March 23, 2021

My Navajo Prayer Life

Laughter, games, art activities, punch in little dixie cups, and cookies with cream fillings are what I remember most about Vacation Bible School (VBS) on the Navajo Nation. Churches came in droves to visit and minister to the children and families. It was the place to be for Elementary and Middle School kids. We loved to see all the smiling and welcoming faces of new people from the big cities willing to play with us and read, sometimes ready to teach some kids how to play the piano or the ukulele. The partners all loved to sing bible songs - so loud it seemed the windows would burst.

I was a baptized Episcopalian but VBS and Holidays were mostly the only times I went to church as a child. My parents and most of my relatives in my community follow the ways of Navajo teachings, ceremonies, and prayer. My mother was devout about prayer. Each morning, before the sun began to light up the horizon, she would start her daily prayers.

We lived in a traditional 2-bedroom home that my father built and heated our house with a potbelly wood and coal stove. Just over the mountain from where we lived was a coal mine that employed most families in my little community, including my father.

My mother would wake before the sun began to light up the horizon. She would rekindle the red embers in the stove to warm up our home. After her first cup of fresh coffee, she would take her leather pouch containing corn pollen, a sweet-tasting, yellow-colored powder collected from the tassels of mature corn plants used for prayer to symbolize life, out into the brisk, still dark morning. Facing the east direction, she began her prayers; now, I see them as prayers of adoration, confession, thanksgiving, and supplication (ACTS). Her prayer practice was lengthy and full of emotion. It spanned every person she thought of and every deed she felt needed prayer, all done in our language. As Navajo people, we think words have more meaning in Navajo than English because our words are descriptive and can contain emotion.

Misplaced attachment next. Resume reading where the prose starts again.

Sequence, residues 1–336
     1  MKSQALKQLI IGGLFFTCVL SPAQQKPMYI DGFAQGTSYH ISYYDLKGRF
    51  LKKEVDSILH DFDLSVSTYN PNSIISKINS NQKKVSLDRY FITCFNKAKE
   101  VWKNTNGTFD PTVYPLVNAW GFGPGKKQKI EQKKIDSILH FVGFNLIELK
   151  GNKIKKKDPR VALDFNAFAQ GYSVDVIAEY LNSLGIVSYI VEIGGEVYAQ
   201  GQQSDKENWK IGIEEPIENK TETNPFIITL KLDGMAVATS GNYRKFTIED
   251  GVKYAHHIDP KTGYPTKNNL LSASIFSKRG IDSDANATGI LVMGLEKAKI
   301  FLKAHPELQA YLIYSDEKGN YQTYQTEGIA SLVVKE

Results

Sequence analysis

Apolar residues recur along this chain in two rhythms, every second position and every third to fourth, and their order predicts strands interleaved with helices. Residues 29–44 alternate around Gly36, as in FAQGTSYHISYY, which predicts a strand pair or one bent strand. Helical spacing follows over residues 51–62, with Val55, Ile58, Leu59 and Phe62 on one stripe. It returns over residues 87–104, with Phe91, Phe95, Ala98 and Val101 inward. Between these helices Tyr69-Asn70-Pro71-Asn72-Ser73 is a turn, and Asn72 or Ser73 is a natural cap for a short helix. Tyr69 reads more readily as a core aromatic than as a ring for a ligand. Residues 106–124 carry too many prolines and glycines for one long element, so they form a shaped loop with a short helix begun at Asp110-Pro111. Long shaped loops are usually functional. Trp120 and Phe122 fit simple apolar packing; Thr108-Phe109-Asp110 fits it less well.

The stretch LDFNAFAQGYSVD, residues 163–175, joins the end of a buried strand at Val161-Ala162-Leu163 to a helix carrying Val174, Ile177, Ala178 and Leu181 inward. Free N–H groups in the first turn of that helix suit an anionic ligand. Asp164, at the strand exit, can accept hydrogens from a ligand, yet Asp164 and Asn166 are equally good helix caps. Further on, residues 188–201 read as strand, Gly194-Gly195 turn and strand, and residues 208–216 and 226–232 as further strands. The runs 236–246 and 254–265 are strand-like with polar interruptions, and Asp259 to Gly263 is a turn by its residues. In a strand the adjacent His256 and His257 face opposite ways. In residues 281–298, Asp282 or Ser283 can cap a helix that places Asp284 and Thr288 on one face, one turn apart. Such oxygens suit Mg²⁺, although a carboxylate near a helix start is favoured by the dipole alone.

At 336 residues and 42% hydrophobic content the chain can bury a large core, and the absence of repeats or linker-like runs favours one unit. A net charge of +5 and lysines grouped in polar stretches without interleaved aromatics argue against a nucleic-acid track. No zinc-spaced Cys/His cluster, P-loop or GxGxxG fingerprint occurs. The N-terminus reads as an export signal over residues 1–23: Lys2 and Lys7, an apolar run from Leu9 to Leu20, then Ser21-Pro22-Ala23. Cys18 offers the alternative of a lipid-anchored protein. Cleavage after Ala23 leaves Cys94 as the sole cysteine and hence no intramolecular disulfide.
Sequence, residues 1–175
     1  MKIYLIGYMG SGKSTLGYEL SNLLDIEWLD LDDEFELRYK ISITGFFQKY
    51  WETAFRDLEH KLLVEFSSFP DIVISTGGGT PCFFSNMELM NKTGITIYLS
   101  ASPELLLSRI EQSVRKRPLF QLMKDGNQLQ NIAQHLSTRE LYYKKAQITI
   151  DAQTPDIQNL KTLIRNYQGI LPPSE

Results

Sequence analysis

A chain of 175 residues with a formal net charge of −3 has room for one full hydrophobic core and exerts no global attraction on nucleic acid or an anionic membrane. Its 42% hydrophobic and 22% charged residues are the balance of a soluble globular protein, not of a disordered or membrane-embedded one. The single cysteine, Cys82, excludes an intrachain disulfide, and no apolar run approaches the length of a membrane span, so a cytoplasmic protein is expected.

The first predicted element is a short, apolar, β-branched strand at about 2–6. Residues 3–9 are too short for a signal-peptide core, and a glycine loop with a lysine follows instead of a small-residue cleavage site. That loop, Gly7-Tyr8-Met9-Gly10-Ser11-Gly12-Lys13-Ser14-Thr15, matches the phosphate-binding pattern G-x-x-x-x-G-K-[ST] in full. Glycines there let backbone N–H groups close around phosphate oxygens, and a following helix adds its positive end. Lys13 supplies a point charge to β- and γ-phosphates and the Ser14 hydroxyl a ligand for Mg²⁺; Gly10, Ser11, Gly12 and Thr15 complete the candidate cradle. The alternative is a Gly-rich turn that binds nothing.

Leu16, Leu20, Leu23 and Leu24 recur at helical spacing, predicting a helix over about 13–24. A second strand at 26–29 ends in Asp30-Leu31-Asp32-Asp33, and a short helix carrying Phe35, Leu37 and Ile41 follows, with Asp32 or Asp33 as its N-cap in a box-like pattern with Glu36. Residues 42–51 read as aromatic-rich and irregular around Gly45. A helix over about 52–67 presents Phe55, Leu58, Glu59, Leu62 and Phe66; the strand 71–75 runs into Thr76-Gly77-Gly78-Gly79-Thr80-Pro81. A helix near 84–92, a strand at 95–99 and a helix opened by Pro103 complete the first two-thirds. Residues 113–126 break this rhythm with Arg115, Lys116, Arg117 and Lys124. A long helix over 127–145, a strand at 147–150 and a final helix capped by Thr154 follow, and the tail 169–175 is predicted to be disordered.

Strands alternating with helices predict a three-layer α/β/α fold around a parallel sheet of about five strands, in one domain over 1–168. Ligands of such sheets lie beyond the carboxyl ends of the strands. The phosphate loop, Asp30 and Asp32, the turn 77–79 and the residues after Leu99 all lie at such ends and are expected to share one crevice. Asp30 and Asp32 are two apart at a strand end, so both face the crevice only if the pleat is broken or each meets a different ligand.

Prayer is powerful. In most indigenous cultures, prayer involves all life and creation. We pray for the earth that sustains all life, water that nourishes all living things, the fire that warms the home and keeps us safe, and the air that we breathe for life. Maintaining a connection to creation helps us be better stewards of the earth and reminds us that we are not the only living things.

A word we live by is Hozho. Hozho is such a small word with a significant meaning. It roughly translates to balance, peace, and harmony; these things are difficult to obtain and maintain in one's life. Morning prayer practice can be a way to live into Hozho, start your day new with positive thoughts and clear your mind of things you do not want to take into a new day.

There are many instances in life where I left and came back to the church. After my mother's death, I started going to church regularly at the age of 12 until I moved away at 16. Then as a young adult, I began attending church once again with weekly bible studies.

During these Bible studies, we used the Disciple's Prayer Book from Indigenous Ministries' office as our guide. After reading the Gospel three times, we would reflect and respond to three questions.

1. What word(s), idea(s), or sentence(s) stand out for you in the Gospel of the day?
2. What is Jesus (the Gospel) saying to you?
3. What is Jesus (the Gospel) calling you to do?

At this time in my life, I was the only person in my early 20's that attended bible study. Everyone around the table was a Navajo elder in the church except for one other person in their early 30's. This reflective time to respond to the questions was educational. We have a younger generation and an older generation discussing the Gospel and how it parallels our lives or how the Gospel is relevant in our time. We have had so many engaging discussions, found answers to questions we never asked, and created strong bonds. The simple task of encouraging the younger people, saying my daughter or son in Navajo, and creating a safe space has been life-changing. This study's reflective moment allowed us to learn more about each other, the bible, and prayer. I am always thankful for this time and the people, some now gone.

The Disciple's prayer book is like my mother's prayers. It seemed she would inwardly and unknowingly ask herself those three questions and respond. Many acts and deeds tie our lives and memories to prayer and the bible. Let us be welcoming and encouraging to all around us. We can each learn and teach from our life experiences. After prayers, we end with the Navajo words meaning peace has returned four times, four times for the four directions, four elements, four stages of life, and other representations.

Hózhó náhásdlíí'
Hózhó náhásdlíí'
Hózhó náhásdlíí'
Hózhó náhásdlíí'